Right now in America it can seem like you are hearing one message and other people are hearing a completely different message.
This is actually what’s happening. Algorithms tailor your news, and depending on where you source your information you might be getting completely different facts than other people, to say nothing about interpretation of those facts.
But even if we were all hearing the same message, we don’t all hear it the same way.
Here’s a fundamental truth of communication, that’s worth remembering in every sphere of life:
People hear what they hear, which is not necessarily what you say.
3 Reasons Why People Don’t Hear Your Message
Although word choice is important when communicating, what we hear is influenced by many factors beyond the words used.
Here are three factors that influence what we hear:
(1) WHAT We See
Science has shown that what we see impacts what we hear. The McGurk effect occurs when there is a conflict between visual speech, meaning the movements of someone’s mouth and lips, and auditory speech, which are the sounds a person hears.
The McGurk effect can result in the perception of an entirely different message.
When we layer this with the idea that we see differently even when looking at the same thing, we can understand how its possible to for message distortion to be amplified.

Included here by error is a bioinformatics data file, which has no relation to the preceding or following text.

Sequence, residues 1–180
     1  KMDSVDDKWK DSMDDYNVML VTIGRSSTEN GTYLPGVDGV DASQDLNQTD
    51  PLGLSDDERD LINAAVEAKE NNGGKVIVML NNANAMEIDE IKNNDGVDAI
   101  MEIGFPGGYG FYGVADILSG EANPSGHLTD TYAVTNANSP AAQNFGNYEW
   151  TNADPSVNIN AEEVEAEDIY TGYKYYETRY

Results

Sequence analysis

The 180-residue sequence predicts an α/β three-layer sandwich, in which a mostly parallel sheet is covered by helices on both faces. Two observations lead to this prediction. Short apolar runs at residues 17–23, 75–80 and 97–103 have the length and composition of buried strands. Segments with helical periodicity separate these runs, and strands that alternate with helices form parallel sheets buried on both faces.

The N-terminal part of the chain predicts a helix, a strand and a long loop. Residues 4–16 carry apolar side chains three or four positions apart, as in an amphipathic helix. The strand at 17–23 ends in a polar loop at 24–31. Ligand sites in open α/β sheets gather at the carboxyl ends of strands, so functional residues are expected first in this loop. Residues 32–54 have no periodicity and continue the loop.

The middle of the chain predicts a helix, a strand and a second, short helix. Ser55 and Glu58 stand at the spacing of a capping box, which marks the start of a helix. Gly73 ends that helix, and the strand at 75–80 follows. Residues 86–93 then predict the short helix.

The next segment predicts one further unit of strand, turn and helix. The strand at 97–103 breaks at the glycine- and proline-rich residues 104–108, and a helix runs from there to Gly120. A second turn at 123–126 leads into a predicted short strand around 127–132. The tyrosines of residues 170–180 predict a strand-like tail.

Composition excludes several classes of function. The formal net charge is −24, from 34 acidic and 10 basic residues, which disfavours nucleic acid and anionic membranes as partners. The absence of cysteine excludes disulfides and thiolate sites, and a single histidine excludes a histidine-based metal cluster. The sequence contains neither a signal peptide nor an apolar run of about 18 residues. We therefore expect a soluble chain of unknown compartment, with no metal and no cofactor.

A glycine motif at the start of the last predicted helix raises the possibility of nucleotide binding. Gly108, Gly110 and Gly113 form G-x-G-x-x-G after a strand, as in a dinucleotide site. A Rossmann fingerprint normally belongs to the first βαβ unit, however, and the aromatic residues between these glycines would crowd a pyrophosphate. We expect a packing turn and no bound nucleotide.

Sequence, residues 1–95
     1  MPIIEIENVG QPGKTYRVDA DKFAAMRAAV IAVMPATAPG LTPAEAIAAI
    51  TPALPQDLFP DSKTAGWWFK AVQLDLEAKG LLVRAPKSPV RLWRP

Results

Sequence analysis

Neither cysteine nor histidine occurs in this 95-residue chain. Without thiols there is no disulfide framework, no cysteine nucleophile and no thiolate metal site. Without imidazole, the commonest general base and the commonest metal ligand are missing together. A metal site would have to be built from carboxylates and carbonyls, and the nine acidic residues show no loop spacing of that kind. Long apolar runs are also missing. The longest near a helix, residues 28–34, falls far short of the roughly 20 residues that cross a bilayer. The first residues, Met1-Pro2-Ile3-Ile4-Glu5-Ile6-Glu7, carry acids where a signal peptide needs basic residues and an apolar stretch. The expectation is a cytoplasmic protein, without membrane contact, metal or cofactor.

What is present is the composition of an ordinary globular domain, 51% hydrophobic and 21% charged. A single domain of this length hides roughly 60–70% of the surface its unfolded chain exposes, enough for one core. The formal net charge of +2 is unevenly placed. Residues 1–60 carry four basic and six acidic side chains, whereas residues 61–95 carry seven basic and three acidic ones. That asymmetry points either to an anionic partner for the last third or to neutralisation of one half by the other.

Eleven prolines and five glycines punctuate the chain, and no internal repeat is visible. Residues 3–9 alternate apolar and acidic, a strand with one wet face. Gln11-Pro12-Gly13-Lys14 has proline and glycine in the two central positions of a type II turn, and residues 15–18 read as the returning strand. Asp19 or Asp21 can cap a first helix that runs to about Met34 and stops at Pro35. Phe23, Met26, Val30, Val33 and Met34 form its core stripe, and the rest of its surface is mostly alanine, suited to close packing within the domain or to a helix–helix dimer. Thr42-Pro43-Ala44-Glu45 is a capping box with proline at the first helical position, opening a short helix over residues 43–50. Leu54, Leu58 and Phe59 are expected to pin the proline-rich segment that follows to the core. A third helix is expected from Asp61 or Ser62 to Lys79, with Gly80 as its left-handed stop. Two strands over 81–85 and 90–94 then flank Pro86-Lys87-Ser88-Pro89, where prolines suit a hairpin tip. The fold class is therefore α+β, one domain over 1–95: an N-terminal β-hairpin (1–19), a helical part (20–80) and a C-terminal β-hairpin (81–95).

(2) HOW We See
The message we hear is not just what we see, but also by how we see. Each of us looks at the world through different lenses. Those lenses are shaped by our conditioning, our beliefs, our attitudes, and the rules we hold about life.
How we see the world around us determines the meaning we give to what we hear. A person who believes that people are out to harm them will interpret a statement differently from someone who believes that everything happens for their benefit. Someone who looks at life through a lens of their own self-interest will hear something different than someone looking through a lens of global interest.
(3) Emotional State
Imagine you were in an old house late at night, alone. You likely pick up every creak in the floor boards. Perhaps you call a friend to try to distract you in the dark and scary house, but you zone out on some of what your friend is saying.
Your body responds to perceived threats even before your conscious mind is aware of them. When we are in a fear state, our hearing attunes to sounds that might bring us harm, while tuning out other messages.
Your nervous system has one primary function: keep you safe. It tunes out anything that doesn’t feel relevant to that objective. Messages that amplify that fear get through, because it keeps the system in vigilance and ensures they will be ready to act in response to the fear.
If you want someone to hear your message, it’s crucial to create a space in which they feel safe enough to relax their vigilance and open to what you wish to share.
Screaming louder doesn’t work.